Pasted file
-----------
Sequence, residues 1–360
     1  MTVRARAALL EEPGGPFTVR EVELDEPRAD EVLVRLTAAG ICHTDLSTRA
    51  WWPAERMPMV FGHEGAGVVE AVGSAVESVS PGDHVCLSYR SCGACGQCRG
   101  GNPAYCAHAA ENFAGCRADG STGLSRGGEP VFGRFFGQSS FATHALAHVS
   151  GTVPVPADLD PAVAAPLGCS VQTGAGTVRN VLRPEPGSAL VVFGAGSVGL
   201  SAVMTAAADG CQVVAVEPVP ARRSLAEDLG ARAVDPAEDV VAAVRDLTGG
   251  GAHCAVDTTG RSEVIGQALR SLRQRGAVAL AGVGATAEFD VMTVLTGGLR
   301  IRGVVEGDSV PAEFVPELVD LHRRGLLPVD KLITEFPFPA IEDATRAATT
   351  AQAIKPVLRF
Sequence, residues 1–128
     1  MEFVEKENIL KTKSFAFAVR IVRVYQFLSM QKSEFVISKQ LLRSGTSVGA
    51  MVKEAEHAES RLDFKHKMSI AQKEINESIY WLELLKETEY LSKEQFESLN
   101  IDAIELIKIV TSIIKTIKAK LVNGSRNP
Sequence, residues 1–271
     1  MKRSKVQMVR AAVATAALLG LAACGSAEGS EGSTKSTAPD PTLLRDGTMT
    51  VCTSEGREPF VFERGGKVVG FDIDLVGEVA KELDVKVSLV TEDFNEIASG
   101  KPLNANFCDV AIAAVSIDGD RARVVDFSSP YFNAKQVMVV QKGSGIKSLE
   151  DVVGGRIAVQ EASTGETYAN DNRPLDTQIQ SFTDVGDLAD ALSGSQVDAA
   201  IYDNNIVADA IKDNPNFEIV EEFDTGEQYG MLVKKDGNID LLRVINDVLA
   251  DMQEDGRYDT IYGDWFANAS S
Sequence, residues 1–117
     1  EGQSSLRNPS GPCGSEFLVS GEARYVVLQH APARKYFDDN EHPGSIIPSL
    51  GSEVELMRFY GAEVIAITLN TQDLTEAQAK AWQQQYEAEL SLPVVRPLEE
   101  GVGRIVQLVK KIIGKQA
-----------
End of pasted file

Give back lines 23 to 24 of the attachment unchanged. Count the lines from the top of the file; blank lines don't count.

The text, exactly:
    51  GSEVELMRFY GAEVIAITLN TQDLTEAQAK AWQQQYEAEL SLPVVRPLEE
   101  GVGRIVQLVK KIIGKQA